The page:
That said, I do think retailers need to approach partnerships with a clear purpose and value proposition. As they further rely on others to deliver value, they need to make sure they receive proper emotional credit from their customers. This will keep them in favor and keep customers coming back for more.

    The Conversation will continue…

    KC's View:

    Published on: June 13, 2018

    by Kevin Coupe

    Fox News reports that fore the time being, every In-N-Out location in Texas - all 37 of them - have been closed. If you want a Double Double, Animal Style or a chocolate shake, you have to go elsewhere.

    The closures aren’t permanent. In fact, they hope to have the units open today.

    It all depends on getting a shipment of hamburger buns that the company feels are up to its standards.

    That’s right. In-N-Out was dissatisfied with the quality of buns that it got - we are assured that it was a quality issue and not a food safety problem - so it decided that it would rather close than serve up burgers on sub-standard buns.

    Here’s the company statement: “At In-N-Out Burgers, we have always served the highest quality food with no compromise. We recently discovered that our buns in Texas do not meet the quality standards that we demand. There was and are no food safety concerns. We decided to close all of our Texas stores until we are confident that we can serve our normal high quality bun … We apologize for any inconvenience this closure may cause for our customers.”

    Wow. Can you imagine? In-N-Out may lose money because of the closures, but the brand equity it gains - this clearly is a customer-focused statement, strategy and culture - is enormous. Priceless, you might say.

    And an Eye-Opener.
    KC's View:

    Published on: June 13, 2018

    The National Grocers Association (NGA) is out with its annual Independent Grocers Financial Survey, conducted with FMS Solutions Holdings, showing that “independent grocers’ same store sales were down 0.6 percent compared to the previous year. Despite the decline, it is an improvement over last year’s results, which showed a 1.62 percent decrease in same store sales.”

    The survey goes on: “Despite a growing number of competitive formats, independent grocers’ margins were slightly ahead of where they were a year ago. Additionally, 71% of the respondents indicated that they are more optimistic about their business’ future.”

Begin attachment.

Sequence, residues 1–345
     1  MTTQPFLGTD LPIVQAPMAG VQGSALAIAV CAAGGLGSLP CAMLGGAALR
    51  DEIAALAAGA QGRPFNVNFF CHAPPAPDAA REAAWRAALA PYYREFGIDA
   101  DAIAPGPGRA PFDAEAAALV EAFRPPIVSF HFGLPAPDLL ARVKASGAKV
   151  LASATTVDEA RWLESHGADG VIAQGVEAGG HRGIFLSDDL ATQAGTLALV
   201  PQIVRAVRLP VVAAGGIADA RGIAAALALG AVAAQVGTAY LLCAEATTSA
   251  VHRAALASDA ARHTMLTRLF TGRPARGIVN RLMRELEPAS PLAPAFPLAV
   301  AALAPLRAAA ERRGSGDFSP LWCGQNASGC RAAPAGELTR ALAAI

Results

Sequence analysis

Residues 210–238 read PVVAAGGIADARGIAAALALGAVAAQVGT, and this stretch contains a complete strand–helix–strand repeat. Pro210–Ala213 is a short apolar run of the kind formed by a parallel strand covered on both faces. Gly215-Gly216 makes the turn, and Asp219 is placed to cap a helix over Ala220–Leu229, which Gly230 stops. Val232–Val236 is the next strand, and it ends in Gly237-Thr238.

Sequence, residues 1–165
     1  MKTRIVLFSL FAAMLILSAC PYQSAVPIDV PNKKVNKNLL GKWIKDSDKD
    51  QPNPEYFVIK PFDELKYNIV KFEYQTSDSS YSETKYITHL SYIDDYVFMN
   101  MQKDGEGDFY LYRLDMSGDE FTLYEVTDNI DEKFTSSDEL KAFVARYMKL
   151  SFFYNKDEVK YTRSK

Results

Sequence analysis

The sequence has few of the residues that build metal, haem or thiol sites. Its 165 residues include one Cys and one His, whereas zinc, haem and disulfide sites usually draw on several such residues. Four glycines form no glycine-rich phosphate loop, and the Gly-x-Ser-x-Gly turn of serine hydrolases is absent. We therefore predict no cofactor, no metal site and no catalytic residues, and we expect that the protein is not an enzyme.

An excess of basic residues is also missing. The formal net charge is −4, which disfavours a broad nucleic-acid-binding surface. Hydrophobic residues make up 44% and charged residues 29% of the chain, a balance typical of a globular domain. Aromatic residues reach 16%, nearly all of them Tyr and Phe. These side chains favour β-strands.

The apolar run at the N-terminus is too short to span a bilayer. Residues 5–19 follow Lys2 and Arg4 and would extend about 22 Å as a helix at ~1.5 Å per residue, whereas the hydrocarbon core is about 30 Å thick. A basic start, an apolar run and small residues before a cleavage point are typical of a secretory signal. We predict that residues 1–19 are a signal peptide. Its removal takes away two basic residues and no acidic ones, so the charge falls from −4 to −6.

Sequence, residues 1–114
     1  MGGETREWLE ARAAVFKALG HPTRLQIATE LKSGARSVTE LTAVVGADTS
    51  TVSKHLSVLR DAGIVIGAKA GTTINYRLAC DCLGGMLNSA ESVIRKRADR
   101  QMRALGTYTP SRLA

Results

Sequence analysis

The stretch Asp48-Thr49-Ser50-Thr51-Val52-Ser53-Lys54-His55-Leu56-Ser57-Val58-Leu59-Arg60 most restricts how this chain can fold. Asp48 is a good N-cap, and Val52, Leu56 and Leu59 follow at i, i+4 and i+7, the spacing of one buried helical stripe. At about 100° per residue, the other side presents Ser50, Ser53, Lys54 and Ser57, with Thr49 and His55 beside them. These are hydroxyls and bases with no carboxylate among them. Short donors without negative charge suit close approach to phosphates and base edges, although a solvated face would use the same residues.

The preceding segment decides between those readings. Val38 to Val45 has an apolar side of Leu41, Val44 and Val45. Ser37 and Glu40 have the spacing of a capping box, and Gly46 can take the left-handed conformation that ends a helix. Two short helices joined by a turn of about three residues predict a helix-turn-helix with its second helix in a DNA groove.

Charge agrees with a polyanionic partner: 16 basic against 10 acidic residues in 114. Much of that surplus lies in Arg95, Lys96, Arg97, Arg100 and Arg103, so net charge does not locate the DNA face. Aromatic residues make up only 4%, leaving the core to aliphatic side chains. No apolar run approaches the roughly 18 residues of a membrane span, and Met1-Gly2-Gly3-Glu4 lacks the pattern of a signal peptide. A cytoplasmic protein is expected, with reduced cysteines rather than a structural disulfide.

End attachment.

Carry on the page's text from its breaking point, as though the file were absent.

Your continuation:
One explanation: “In fiscal year 2017, food at home price deflation continued to be a drain on sales. Average food at home prices were 0.2 percent lower than they were a year prior according to the Bureau of Labor Statistics. Deflation was especially drastic toward the beginning of the year, however by December, monthly food at home prices began to show improvement.”

    “There’s no doubt that the supermarket industry is changing at a rapid pace,” says Peter Larkin, president/CEO of NGA. “However, independent grocers have faced industry shifts and challenges in the past and have proven resilient. They are the entrepreneurs of the industry, and have the ability to experiment and adjust as needed to meet their shoppers’ needs.”
    KC's View:
    Seems appropriate here to refer you back to something Tom Furphy said in today’s Innovation Conversation…

    Stores whose value proposition is solely to serve as inventory access-points for shoppers are going to be increasingly challenged by stores that provide deeper value. Shoppers have access to large, personalized assortments online. Having their purchases delivered to their homes or staged for pickup eliminates the mundane tasks of shopping. This opens up time for the shopper to spend on richer experiences and it enables stores to be used increasingly in value-added ways. Discovery, information and sensory experiences will become even more important. Stores that deliver on this will not go away.

    What was resilient in the past may be insufficient in the present. Independent retailers - especially those that may be undercapitalized, because being small and independent can have its drawbacks - have to be not just experimental, but also ambitious, aggressive and innovative in finding new paths to relevance and resonance.